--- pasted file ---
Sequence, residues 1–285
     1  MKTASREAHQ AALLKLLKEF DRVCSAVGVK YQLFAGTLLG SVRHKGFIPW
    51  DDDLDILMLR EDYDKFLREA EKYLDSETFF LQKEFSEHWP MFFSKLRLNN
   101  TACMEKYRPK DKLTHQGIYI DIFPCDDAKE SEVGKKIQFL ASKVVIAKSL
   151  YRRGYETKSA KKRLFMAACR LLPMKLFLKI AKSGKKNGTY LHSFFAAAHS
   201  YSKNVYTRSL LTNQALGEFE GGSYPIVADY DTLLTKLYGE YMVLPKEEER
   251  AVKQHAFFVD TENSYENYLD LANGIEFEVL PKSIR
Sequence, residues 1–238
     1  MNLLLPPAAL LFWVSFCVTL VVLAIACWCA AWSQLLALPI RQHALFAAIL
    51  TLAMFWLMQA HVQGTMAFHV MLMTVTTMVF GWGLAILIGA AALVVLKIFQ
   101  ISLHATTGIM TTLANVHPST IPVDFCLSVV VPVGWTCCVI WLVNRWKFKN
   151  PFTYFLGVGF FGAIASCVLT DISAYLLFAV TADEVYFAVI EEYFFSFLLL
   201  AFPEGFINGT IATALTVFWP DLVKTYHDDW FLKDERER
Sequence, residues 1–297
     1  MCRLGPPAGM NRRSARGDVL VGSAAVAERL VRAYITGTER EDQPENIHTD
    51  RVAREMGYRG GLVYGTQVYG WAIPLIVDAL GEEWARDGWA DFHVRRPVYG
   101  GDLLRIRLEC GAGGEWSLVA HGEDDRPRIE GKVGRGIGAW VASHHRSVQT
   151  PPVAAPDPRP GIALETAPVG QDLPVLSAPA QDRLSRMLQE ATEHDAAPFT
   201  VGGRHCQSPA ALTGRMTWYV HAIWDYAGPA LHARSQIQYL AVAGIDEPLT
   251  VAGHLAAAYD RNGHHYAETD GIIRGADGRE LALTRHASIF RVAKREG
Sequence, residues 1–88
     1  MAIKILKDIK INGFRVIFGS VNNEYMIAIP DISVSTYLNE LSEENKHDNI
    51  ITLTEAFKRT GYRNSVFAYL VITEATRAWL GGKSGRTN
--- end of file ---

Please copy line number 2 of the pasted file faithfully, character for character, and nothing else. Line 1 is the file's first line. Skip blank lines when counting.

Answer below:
     1  MKTASREAHQ AALLKLLKEF DRVCSAVGVK YQLFAGTLLG SVRHKGFIPW